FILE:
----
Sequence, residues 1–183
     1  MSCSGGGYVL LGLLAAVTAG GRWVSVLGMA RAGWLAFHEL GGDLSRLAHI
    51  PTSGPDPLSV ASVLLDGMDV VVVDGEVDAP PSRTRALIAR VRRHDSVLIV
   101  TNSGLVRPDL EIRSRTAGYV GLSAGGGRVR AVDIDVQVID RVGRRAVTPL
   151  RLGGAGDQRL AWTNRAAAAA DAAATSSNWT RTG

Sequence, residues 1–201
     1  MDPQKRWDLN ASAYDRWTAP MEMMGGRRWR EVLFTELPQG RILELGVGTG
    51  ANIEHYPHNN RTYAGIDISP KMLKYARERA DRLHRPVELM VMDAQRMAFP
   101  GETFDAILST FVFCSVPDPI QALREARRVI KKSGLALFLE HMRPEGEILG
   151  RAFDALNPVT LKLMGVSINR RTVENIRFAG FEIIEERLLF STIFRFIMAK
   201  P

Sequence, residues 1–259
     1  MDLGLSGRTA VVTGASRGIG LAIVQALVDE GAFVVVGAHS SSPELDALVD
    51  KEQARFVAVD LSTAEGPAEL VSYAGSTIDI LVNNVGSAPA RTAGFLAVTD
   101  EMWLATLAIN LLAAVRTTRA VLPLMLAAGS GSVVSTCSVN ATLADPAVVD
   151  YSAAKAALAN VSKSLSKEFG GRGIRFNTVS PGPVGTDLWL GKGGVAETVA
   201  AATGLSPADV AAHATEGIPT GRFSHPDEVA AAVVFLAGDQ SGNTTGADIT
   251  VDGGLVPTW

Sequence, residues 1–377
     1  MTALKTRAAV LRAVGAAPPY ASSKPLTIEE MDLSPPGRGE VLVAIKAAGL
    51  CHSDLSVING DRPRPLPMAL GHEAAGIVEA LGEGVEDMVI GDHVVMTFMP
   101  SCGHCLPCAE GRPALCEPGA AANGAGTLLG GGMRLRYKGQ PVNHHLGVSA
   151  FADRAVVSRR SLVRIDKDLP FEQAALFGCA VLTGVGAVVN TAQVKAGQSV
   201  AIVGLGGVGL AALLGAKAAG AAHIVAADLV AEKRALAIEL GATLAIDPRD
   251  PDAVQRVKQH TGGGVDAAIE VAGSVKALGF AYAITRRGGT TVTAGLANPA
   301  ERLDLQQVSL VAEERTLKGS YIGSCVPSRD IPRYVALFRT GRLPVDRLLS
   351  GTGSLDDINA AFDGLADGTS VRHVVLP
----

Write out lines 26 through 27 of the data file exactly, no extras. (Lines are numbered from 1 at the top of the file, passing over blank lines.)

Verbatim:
   301  ERLDLQQVSL VAEERTLKGS YIGSCVPSRD IPRYVALFRT GRLPVDRLLS
   351  GTGSLDDINA AFDGLADGTS VRHVVLP